- What is the specific concern about Christians being
deceived? (False Christs will appear - and their
signs and miracles are extremely persuasive.)
- How can we avoid being deceived? (No one will have to
tell us about Jesus' Second Coming. All will see it
at once. I've avoided some of the more complex issues
in Jesus' message because I might be wrong. However,
the simple part of the message is very obvious - you
will know when Jesus comes!)
- Why, then, does Jesus warn us that we should
avoid being deceived, and that the deception to
come will be powerful? (We have the potential
for being deceived by those fakers. If you are
involved in a debate about whether someone is
Jesus, that is absolute proof that person is a
fake and is not Jesus!)
- Read Matthew 24:30-31 and Matthew 24:40-41. What other
absolute proof will we have about Jesus' Second Coming?
(The saved will be taken to heaven!)
- What is the "loud trumpet call" about? (Read 1
Corinthians 15:51-52. Those who died trusting in
Jesus are raised in an instant at the sound of the
- Let's review all of this so that you cannot be deceived.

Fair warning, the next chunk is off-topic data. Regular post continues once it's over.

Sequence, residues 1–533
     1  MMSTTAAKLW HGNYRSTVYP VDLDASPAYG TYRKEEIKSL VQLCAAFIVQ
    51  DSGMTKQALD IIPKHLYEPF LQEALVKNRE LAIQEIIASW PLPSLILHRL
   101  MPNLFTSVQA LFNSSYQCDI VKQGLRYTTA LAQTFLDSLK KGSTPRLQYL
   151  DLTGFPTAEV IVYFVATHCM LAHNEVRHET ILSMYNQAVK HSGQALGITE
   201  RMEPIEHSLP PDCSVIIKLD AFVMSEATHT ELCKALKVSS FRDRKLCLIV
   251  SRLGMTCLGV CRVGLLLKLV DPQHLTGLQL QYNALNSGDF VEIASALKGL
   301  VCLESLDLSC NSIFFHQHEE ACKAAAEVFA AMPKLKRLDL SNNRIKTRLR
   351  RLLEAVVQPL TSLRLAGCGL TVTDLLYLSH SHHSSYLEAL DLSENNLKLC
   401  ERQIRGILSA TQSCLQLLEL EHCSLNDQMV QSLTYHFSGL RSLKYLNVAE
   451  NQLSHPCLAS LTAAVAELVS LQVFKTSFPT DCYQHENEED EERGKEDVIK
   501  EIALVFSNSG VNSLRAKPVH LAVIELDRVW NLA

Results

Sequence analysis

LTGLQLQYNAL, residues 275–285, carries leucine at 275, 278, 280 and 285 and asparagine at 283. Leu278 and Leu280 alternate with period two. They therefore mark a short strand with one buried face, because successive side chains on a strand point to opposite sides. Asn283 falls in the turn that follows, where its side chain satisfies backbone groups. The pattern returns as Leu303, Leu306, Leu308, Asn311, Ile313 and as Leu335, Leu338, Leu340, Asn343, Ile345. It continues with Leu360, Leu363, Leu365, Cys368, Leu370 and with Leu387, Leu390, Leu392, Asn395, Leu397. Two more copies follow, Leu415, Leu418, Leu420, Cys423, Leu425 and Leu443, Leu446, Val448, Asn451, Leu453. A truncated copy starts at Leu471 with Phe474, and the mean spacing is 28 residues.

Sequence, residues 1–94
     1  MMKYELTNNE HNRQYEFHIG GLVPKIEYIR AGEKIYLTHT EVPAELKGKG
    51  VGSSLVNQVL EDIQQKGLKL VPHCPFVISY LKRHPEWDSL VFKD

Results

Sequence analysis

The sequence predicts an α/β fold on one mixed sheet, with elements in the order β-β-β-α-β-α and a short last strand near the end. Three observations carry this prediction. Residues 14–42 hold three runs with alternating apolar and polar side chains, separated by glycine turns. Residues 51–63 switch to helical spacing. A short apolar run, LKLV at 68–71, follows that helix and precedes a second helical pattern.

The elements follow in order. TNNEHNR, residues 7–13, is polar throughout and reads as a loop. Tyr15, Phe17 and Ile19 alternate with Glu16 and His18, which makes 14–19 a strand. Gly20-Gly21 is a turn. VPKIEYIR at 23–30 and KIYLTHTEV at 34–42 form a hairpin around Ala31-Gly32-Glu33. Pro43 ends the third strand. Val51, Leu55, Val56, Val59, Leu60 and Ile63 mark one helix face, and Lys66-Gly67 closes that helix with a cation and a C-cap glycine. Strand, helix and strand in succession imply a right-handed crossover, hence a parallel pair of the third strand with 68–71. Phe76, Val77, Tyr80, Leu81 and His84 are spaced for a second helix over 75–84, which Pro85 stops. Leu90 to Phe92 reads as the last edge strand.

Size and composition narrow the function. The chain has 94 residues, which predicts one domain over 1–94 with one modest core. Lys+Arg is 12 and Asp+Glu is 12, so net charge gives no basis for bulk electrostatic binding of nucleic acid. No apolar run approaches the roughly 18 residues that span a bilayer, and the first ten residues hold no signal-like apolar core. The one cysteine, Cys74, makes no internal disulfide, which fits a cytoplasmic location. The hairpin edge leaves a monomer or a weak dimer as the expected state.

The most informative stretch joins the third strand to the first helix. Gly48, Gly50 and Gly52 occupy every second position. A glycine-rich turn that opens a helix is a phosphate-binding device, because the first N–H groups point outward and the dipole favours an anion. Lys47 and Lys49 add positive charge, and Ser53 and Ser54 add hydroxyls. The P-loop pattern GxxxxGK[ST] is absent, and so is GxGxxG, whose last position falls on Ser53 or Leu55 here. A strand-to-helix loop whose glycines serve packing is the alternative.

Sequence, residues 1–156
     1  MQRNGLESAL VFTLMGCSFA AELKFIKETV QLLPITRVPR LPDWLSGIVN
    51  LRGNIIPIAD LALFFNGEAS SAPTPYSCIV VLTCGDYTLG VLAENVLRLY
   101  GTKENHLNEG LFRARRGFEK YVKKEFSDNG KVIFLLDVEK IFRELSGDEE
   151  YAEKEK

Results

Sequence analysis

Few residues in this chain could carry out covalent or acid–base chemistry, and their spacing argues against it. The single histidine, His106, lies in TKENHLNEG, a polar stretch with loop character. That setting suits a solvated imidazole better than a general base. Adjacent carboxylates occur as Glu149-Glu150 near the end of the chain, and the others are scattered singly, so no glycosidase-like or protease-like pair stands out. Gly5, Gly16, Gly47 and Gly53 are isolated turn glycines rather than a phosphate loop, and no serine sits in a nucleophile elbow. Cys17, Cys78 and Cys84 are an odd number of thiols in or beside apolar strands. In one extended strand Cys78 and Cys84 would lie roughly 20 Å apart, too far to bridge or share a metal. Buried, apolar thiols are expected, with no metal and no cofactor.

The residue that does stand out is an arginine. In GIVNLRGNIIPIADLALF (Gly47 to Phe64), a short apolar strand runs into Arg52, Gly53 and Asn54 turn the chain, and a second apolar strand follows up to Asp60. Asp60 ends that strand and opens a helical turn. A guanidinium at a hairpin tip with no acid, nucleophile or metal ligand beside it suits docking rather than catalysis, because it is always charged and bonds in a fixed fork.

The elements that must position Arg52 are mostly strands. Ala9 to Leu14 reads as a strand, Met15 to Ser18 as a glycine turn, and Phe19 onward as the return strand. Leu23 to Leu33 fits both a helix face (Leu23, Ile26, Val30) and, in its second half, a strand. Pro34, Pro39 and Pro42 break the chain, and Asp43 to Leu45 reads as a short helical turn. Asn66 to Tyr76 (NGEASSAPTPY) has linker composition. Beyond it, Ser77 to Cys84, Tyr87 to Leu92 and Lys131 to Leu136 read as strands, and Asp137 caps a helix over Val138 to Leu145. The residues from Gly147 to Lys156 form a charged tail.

What will happen when Jesus comes again? (It will be like
lightening around the world - everyone will see it at the
same time. The dead in Christ will be raised from the
grave. The living saved will be gathered to heaven. You
will not be confused about this event. If you are not
being lifted up to heaven, that is very bad news.)
- Read Matthew 24:42-44. Wait a minute, we just learned that
Jesus' Second Coming will be obvious to everyone. Why are
we warned about keeping "watch" and about problems with an
unexpected return? I could be sound asleep and not miss
Jesus' Second Coming! (The thief is not breaking into
Jesus' house in this parable. The thief is breaking into
your house. The warning is not about the ambiguity of
Jesus' coming, but rather whether you are ready!)
- Read Matthew 24:45-46. What should you be doing in
anticipation of Jesus' Second Coming? (Your job -
"feeding" Jesus' servants. We need to continue to work to
advance the Kingdom of God!)
- Friend, what was the problem with the religious leaders
that we discussed at the beginning of this lesson? It was
that they were working to advance their own glory. What
does Jesus call us to do while we await His return? To
advance the Kingdom of God. What are you doing these days?
Advancing your glory or the Kingdom of God? If you don't
like the answer, why not repent right now and ask the Holy
Spirit to show you a better way?
- Next week: Jesus' Last Days.
* Copr. 2016, Bruce N. Cameron, J.D. All scripture references are to the New International Version (NIV), copr. 1973, 1978, 1984 International Bible Society, unless otherwise noted. Quotations from the NIV are used by permission of Zondervan Bible Publishers. Suggested answers are found within parentheses. The lesson assumes the teacher uses a blackboard or some other visual aid.